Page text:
Some advance planning is required by corn in the house garden. The method needs heirloom types of corn rather than hybrids. Heirloom types create second generation crops with features that are similar as the first-generation. Hybrids don’t. Plant a little stand of heirloom corn in a number of rows rather than the usual few rows that are long to to make sure correct pollination. Corn grows best in a temperature range of 60 to 75 degrees Fahrenheit and germinates best at 65 degrees Fahrenheit or or more, in accordance with a University of California Department of Agriculture publication. For next year’s crop, you will harvest the seeds by the end of the period.
Growing the Parent Crop
Fahrenheit. Isolate the stand of heirloom corn. Maintain a length of at least 700 feet or pick corn varieties that mature at least 2 weeks apart to avoid cross-pollination.
Sow corn seeds 2″ deep, in a price of four to six seeds in rows that are 30 to 36-inches apart.
Water thoroughly after planting and keep the soil moist.
Expect the seeds to germinate after planting within six to 10 times.
Thin the plants so that they stand 10 to 14-inches apart after the seeds germinate.
Supplement the normal rainfall therefore the crops obtain between 1 and 1.5-inches of water per week.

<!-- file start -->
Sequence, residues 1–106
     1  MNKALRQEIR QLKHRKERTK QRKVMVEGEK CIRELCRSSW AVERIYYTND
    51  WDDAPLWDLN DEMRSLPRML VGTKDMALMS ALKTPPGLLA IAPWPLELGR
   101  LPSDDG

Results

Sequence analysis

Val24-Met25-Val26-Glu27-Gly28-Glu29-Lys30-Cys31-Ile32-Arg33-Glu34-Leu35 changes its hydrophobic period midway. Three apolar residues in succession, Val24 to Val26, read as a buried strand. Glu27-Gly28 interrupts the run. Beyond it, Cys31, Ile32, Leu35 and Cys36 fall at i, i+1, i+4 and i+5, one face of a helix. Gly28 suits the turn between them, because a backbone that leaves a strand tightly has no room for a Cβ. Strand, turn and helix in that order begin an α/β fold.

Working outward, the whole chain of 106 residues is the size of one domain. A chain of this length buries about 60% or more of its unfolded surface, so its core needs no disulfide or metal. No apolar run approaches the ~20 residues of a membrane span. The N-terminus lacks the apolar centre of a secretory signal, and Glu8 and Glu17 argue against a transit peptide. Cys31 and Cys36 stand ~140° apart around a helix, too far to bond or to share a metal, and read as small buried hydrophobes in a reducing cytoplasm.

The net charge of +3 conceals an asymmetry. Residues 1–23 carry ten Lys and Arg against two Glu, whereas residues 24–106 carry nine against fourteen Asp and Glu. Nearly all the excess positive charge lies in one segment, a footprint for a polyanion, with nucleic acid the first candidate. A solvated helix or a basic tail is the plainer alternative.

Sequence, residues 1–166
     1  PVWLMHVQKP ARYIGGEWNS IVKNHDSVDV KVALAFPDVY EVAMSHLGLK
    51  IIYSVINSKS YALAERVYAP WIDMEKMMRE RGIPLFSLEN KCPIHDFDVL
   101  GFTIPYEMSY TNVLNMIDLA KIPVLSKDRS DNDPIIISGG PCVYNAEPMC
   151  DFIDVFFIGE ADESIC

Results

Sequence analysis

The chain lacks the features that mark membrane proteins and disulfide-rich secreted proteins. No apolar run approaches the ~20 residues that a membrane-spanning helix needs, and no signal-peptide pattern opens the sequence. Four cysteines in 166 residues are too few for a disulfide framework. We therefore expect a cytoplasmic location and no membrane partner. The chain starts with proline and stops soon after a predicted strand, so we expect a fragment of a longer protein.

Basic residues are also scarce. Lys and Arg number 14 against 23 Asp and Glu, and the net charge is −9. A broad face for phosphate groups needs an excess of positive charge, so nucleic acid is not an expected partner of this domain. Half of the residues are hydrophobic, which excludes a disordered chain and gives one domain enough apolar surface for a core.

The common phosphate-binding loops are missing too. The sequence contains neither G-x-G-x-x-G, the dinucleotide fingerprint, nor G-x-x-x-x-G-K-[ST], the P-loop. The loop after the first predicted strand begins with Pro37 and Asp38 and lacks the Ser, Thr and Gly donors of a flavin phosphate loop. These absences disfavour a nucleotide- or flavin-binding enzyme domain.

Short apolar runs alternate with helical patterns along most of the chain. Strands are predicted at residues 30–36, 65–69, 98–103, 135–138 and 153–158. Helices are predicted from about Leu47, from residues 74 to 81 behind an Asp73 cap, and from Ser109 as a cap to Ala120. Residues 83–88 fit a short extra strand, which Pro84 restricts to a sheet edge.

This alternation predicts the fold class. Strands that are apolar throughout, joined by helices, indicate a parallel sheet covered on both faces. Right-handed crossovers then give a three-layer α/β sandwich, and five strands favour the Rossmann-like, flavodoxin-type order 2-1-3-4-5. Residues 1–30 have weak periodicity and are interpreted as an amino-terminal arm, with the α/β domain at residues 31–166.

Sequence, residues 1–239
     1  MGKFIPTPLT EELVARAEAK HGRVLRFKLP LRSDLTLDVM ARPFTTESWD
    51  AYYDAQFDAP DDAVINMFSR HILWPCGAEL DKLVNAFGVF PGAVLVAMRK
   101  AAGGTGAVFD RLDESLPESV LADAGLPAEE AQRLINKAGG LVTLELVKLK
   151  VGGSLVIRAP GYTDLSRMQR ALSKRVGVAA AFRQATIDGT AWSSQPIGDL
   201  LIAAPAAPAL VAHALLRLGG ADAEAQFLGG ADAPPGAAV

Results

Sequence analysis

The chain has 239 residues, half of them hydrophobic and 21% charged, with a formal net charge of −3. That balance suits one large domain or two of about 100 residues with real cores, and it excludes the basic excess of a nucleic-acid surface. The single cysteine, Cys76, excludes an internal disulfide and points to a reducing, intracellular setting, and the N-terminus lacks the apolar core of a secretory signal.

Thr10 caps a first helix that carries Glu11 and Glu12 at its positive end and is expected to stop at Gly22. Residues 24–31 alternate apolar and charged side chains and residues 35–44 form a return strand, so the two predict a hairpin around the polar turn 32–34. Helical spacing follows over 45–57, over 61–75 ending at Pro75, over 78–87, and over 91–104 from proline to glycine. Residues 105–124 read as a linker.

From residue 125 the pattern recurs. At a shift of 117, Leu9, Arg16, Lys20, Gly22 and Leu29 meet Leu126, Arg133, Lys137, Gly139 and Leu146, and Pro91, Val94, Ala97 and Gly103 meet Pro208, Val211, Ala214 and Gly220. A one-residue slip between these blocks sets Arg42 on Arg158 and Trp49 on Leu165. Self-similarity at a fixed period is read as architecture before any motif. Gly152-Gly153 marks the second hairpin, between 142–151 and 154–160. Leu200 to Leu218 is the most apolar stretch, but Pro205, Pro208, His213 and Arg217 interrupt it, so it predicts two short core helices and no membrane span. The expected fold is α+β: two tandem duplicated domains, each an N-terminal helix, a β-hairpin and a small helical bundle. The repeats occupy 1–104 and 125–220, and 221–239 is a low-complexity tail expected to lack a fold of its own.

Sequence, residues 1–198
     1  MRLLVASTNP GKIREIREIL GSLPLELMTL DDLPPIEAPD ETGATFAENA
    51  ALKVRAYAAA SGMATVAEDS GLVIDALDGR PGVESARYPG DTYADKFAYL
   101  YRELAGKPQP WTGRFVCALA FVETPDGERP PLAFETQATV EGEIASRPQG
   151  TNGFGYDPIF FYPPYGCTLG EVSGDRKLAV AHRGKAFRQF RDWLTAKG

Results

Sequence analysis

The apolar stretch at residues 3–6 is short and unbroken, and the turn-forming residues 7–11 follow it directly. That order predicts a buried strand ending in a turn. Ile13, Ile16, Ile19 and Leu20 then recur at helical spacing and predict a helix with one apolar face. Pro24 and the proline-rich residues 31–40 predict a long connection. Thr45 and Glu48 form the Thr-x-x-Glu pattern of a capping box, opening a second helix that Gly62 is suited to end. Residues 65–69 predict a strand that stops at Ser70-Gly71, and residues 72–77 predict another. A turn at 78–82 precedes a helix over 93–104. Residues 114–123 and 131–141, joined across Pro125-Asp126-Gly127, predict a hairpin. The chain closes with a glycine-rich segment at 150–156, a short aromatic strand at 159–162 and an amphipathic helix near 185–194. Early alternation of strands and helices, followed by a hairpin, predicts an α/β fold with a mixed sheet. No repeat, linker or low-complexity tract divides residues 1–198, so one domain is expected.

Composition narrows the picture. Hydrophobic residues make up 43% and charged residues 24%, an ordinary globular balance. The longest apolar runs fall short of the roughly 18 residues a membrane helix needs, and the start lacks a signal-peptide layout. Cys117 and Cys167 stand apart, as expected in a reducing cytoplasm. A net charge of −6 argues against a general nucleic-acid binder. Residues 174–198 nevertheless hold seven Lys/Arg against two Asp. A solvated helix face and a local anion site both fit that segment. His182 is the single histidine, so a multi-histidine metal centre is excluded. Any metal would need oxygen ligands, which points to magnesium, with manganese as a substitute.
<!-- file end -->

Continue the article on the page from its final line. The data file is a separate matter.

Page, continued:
Expect the corn to mature depending on the range. Cover each ear of corn prior to the silk emerges and that when the tassel seems you plan to use for seed. Use a shoot bag created with this purpose or a paper-bag secured round the bottom of the ear of corn with string.
Harvesting Corn Seed
Save corn seed using the dry technique by enabling the cob to stay connected to the plant itâs expanding on to dry for as extended as feasible.
Cut the ear of corn off the plant when moist weather is produced by the drop period.
Pull the corn husks straight back. Tie a string across the foot of the ear of corn and hang it upside-down a way from sunlight in an awesome, dry spot to finish drying.
Remove the seeds in the ear of corn when it’s dry. Hold the ear in the palms of your fingers and twist or choose the seeds out individually byhand.
Before you’re ready to use them, store the seeds in a paper-bag in an awesome, dry place.